After a heart attack, hearing and mobility can affect near-term mortality

A new study by Yale researchers shows that considering hearing and mobility improves doctors’ ability to accurately predict six-month mortality for older heart attack patients.

There has been a growing sense that functional impairments—of hearing and mobility, for example—may be relevant to establishing a prognosis for older patients, said lead author Sarwat Chaudhry, M.D., associate professor of medicine (general medicine). But clinicians haven’t had a way to explicitly incorporate this information into their risk assessments, which are “tools to inform prognosis,” she said.

The study appeared Dec. 9 in the journal Annals of Internal Medicine.

“Although major professional societies emphasize the need for risk models that are designed for older adults, no AMI [acute myocardial infarction, or heart attack] mortality risk models have been developed specifically for the older population,” Chaudhry said.

This study, “SILVER-AMI,” included over 3,000 people 75 and older who were hospitalized with AMI at 94 hospitals across the U.S. The average age of the patients was 82. At each hospital, the study had a dedicated research coordinator responsible for enrolling and screening patients and administering assessments.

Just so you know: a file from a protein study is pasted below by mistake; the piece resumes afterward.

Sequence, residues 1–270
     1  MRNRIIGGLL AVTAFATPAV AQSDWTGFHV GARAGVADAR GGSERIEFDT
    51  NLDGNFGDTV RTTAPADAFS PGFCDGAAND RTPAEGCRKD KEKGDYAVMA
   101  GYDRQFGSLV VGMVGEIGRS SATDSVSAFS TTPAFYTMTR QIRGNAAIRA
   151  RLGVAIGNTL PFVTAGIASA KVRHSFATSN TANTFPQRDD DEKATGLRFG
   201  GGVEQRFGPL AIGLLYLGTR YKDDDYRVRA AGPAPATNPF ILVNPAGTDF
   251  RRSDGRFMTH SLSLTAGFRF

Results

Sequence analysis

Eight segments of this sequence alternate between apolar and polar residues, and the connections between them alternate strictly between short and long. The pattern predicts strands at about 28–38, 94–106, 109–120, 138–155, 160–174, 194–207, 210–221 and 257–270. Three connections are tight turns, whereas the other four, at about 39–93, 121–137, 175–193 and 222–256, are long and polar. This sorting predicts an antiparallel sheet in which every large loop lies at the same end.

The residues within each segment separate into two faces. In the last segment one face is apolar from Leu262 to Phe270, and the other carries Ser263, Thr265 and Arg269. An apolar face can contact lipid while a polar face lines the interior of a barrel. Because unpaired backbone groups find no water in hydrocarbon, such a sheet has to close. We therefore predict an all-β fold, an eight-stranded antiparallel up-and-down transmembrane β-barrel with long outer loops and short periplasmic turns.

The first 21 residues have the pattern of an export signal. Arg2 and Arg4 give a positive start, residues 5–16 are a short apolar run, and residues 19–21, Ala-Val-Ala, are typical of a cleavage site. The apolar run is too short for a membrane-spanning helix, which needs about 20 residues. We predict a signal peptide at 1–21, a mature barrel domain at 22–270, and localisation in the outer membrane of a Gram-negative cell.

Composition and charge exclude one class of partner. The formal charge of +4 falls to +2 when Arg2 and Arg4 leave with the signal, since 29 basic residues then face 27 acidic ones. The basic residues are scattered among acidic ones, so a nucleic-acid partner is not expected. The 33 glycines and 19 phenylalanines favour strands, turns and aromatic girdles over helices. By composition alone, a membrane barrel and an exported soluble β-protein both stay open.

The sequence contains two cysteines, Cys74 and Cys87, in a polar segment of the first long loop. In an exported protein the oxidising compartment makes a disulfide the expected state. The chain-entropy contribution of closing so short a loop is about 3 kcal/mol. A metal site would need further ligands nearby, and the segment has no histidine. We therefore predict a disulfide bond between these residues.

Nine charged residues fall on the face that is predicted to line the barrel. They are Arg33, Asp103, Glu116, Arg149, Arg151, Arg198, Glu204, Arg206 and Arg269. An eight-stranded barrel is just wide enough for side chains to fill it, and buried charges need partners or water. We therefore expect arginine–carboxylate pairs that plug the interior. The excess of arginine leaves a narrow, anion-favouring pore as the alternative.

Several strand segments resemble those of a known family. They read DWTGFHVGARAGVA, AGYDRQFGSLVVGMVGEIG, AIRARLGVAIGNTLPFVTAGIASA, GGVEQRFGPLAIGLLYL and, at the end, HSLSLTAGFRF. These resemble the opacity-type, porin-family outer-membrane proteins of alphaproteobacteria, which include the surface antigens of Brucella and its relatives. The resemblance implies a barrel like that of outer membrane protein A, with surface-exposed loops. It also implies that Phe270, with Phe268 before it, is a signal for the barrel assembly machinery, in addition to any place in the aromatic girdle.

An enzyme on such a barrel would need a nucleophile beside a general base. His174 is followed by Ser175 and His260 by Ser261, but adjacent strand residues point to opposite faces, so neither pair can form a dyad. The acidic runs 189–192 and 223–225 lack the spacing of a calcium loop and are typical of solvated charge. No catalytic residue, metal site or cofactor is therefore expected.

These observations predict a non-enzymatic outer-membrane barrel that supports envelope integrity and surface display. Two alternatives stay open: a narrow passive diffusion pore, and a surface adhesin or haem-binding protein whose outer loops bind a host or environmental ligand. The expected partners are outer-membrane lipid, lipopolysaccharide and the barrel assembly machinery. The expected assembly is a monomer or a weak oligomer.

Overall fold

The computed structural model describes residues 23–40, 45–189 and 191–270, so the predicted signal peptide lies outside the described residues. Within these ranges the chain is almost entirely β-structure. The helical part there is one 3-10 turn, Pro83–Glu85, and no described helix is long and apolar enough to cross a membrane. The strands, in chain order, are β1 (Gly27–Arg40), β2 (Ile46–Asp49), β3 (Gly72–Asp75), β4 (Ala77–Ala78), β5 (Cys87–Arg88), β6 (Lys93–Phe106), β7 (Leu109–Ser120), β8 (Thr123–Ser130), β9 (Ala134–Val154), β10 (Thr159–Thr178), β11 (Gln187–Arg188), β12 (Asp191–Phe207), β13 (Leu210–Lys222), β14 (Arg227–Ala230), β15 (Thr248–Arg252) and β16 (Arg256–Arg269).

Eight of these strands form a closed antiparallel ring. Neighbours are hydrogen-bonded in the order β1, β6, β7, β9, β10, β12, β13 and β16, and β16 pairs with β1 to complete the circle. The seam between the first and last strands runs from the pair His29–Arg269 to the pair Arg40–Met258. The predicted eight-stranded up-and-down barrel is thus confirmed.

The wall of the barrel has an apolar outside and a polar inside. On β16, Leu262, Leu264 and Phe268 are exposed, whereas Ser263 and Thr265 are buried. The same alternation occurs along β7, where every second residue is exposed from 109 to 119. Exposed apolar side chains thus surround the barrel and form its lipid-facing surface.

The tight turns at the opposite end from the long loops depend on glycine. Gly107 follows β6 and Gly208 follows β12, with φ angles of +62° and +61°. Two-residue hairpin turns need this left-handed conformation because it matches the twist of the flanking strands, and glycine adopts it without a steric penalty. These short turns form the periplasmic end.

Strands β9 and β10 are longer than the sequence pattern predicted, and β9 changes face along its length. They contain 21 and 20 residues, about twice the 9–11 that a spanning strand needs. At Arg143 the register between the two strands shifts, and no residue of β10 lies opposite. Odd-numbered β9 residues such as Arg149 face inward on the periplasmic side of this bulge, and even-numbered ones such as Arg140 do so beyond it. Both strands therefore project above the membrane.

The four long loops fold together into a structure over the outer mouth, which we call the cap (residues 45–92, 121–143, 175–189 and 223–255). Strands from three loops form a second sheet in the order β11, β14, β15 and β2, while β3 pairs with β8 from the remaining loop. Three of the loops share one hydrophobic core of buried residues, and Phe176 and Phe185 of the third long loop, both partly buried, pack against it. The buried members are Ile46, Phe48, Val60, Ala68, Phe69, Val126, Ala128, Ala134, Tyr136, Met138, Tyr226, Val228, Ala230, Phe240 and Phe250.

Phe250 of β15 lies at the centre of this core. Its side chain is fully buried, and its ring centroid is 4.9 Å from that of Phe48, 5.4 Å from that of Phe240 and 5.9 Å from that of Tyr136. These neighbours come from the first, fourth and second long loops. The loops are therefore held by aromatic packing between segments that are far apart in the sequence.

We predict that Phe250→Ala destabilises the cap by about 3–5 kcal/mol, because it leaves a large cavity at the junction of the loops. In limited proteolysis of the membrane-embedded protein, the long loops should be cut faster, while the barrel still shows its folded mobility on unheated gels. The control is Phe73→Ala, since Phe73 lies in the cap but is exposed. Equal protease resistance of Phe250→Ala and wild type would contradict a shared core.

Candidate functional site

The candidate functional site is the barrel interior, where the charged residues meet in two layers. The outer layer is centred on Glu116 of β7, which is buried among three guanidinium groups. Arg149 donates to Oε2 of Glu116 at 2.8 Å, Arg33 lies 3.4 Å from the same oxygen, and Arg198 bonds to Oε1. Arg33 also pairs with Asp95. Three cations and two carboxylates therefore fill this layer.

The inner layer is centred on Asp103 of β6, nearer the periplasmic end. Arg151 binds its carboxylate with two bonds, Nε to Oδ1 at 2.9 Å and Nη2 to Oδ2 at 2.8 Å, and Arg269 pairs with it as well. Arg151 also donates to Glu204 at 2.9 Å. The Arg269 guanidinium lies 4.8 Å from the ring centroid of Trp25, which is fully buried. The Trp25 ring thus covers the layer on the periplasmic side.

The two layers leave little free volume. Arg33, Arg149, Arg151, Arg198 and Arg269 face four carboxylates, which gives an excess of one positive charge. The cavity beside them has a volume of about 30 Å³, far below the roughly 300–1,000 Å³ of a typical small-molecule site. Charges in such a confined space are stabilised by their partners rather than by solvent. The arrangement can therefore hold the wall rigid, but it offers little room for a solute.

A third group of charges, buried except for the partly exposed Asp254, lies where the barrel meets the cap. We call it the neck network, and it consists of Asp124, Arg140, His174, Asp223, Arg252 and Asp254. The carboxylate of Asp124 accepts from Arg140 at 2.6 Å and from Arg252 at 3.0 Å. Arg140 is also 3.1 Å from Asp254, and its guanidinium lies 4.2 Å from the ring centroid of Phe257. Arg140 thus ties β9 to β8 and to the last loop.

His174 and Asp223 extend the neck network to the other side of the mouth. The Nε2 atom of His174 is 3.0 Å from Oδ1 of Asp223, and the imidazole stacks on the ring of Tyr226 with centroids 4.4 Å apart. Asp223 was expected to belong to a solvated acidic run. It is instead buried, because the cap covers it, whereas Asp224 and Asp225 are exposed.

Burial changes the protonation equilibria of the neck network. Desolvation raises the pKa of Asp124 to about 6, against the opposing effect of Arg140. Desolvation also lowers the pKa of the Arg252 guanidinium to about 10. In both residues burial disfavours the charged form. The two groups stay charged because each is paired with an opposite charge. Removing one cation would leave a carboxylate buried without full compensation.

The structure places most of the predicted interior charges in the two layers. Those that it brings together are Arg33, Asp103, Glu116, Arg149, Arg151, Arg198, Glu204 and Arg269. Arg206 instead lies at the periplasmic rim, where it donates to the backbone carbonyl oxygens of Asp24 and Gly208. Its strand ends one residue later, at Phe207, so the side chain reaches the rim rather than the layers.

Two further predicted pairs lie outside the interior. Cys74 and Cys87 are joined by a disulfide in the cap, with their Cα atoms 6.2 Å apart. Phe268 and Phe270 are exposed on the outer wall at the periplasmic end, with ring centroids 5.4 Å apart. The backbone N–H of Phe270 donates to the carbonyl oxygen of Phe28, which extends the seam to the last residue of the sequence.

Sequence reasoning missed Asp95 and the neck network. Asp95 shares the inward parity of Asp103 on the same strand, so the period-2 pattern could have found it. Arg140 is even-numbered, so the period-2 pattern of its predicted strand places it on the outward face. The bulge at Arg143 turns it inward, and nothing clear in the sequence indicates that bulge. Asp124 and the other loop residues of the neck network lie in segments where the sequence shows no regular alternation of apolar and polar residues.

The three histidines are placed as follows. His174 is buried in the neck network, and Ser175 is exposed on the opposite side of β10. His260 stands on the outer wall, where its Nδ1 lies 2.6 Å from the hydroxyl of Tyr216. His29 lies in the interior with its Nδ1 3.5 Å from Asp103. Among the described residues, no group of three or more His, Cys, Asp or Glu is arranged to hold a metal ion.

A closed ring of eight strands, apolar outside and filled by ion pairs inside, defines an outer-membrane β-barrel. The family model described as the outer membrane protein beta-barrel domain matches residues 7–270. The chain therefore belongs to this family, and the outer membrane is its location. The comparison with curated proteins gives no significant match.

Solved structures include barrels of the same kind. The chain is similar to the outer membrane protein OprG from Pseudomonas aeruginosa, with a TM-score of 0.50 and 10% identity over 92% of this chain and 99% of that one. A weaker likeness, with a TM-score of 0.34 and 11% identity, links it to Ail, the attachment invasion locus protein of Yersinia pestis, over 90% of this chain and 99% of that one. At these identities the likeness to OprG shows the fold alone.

In addition to collecting all the patient data normally gathered—including heart rate, blood pressure, hemoglobin, and estimate of kidney function—Chaudhry’s study added assessments to capture information about functional impairments and conditions of aging, including walking speed, problems with hearing, weight loss, and self-reported health status. All of the assessments included in the study were selected based on feasibility in the hospital setting.

Chaudhry’s team found that adding these additional assessments provided a much clearer picture of six-month mortality risk.

“In the older population, the traditional mortality risk factors were still important, but we found that adding information about gait speed, hearing impairment, health status, and unintentional weight loss significant improved mortality risk prediction” she said.

Chaudhry noted that changing standard practice around risk assessment measurements is not easy, but that physicians have expressed the need for tools to incorporate functional impairments into prognosis in patients with heart attack. These impairments are of growing relevance given the aging of the U.S. population. According to U.S. Census data, by the year 2030, one out of every five U.S. residents will be over 65, outnumbering children for the first time in the nation’s history.

If a patient were found to have a high mortality risk via these added risk assessments, she said, that could inform doctors’ choices around care intervention—including additional therapies or cardiac rehabilitation.

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